Capgemini‘s 2018 report Reshaping the Future surveyed more than 700 senior executives who are trialling automation. Although many organisations are dabbling in pilot projects, few are planning to re-imagine their core business using available technologies.
This first step in automation is Robotic Process Automation (RPA). RPA is an emerging technology practice that streamlines business operations to reduce costs. Using RPA tools, a company can configure software to process a transaction, manipulate data, trigger responses and communicate with other digital systems.
With RPA, businesses can automate mundane rules-based business processes, freeing employees to devote more time to higher-value work.
As with any new approach, RPA requires planning and careful implementation with a strong understanding of your strategic goals.
Start by building a road map. Identify any standardised processes that cross multiple systems. Specifically seek out situations where employees source data from one system or process and then re-enter the data into another system or process to progress a business function. This situation is ripe for automation.
Below are some Quick Wins by function, identified by Capgemini’s study:
|Finance & Accounting||Accounts receivable and cash management|
Fixed asset accounting
|Robotic Process Automation|
|Procurement & Supply Chain||Updating vendor records|
Responding to customer/supplier requests
Advance shipping notices
|Pre-specified automation rules which trigger responses and communication.|
Exit and clearance
Time and attendance management
HR compliance and reporting
Education and training
Employee service management
|Robotic software for pre-screening interviews|
Chatbots to manage absence notifications
Automation for onboarding
|Sales & Marketing||Lead generation||Data and AI to segment customer data and re-market new products and services|
While you are building your automation road map, remember to set measurable goals for your project. Some examples are:
- Eliminate the need for human intervention in capturing and sorting invoices.
- Reduce the time spent on attendance tracking by 80%.
The case for Artificial Intelligence
While rule-based technologies automate high-volume, repeatable tasks and mimic human actions, Artificial Intelligence comprises a range of technologies that learn over time as they are exposed to more data. The data points can be identified in customer journey mapping. These are opportunities where digital technology can add value to a customer’s journey with your business.
AI technologies include:
1. Speech recognition
Businesses use software such as Fonetic to automate customer service telephone interactions and to verify the identity of callers.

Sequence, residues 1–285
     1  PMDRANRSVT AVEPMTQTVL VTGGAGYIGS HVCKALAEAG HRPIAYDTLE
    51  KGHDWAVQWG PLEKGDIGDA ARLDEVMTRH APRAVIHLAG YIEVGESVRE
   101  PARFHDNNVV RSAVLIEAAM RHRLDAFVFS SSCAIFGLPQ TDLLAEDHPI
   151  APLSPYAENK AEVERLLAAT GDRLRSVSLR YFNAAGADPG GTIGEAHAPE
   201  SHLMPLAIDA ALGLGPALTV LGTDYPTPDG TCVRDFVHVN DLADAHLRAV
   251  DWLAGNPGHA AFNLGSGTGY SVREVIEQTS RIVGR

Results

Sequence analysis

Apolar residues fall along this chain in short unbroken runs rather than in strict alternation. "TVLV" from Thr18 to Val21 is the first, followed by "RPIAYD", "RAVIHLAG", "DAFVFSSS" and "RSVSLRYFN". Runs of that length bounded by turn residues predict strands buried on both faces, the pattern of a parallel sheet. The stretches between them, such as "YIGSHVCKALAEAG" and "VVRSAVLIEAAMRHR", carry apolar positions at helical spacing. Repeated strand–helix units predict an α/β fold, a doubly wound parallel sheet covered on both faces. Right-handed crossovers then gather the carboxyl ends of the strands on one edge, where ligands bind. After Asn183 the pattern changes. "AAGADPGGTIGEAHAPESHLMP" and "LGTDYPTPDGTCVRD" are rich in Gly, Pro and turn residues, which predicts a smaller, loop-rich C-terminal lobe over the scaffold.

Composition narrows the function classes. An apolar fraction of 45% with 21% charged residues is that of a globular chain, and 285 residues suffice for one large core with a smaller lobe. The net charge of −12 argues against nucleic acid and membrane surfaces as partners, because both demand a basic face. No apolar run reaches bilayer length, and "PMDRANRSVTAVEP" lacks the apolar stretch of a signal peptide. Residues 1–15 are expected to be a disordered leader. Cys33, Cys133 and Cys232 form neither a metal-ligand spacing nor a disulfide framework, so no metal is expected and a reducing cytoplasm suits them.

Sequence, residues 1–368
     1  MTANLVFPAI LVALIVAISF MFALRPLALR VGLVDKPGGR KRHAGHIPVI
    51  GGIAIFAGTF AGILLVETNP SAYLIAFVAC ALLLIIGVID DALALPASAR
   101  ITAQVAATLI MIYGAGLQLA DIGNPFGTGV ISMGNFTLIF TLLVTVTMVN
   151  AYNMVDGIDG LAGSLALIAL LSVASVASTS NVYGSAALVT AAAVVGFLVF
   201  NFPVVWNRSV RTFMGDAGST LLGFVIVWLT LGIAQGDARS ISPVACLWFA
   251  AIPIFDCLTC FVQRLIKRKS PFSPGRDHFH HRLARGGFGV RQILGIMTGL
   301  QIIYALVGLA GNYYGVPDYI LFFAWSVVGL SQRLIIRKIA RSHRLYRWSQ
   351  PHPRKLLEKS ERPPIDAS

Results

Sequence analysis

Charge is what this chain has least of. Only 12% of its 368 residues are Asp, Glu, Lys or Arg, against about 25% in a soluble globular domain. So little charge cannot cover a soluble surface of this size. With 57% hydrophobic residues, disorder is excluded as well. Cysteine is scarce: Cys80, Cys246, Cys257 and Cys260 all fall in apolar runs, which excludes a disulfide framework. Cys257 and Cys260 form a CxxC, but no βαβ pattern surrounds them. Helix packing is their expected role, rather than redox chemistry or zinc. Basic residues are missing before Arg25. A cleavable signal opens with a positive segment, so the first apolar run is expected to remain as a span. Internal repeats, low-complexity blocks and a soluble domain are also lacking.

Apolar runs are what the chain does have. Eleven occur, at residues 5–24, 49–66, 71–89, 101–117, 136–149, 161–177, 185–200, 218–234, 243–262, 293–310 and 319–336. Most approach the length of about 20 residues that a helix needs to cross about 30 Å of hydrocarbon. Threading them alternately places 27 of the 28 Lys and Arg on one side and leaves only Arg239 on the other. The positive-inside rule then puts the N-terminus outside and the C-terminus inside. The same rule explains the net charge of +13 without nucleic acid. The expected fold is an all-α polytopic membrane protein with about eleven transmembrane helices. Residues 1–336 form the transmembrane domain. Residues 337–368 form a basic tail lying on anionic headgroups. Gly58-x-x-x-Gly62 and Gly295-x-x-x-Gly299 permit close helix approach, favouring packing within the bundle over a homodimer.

2. Natural Language Processing (NLP)
NLP is the ability of a computer to interpret human language and take appropriate action. Insurance companies use NLP detect fraud by monitoring social media and cross-checking against information collected by NLP software.
3. Context-aware computing
Context-aware computing seeks to anticipate the ways that computers will need support from users in specific situations. Whether indoors or outdoors, on manufacturing floors or in offices, or in any other kind of situation where a person relies on a piece of hardware to complete a task. An example is devices that change their screens and backlighting according to the amount of light in the room where they are being used.
The key benefit of Biometrics is security and safety. Fingerprint and facial recognition is favoured over multiple PIN numbers and passwords. These are the findings of VISA’s recently conducted survey.
5. Image and video analysis
Amazon Rekognition object and scene detection, customers can automatically index vast image libraries to make them searchable.
6. Machine and deep learning
Using RPA tools, a company can configure software, or a “robot,” to capture and interpret applications for processing a transaction, manipulating data, triggering responses and communicating with other digital systems. This is called machine and deep learning.
7. Swarm intelligence
Research into the behaviour of ants, bees and other social insects has resulted in novel solutions to optimise business processes. By responding to queues from their nearest neighbour, insects’ collective behaviour yields useful work despite a lack of supervision or central command. This behaviour is called swarm intelligence.
8. Chatbots or voice bots for self-service
Businesses can use Chatbots to help mobile customers navigate their online search, respond to enquiries in real-time or begin a conversation discussing their needs, in the style of a sales agent.
Building an automation roadmap begins with a vision and some quick wins. It then progresses to designing a business model that is supported by the most effective technologies available. Reducing time spent on repetitive, routine tasks will free up your team to focus on more growth generating activities.
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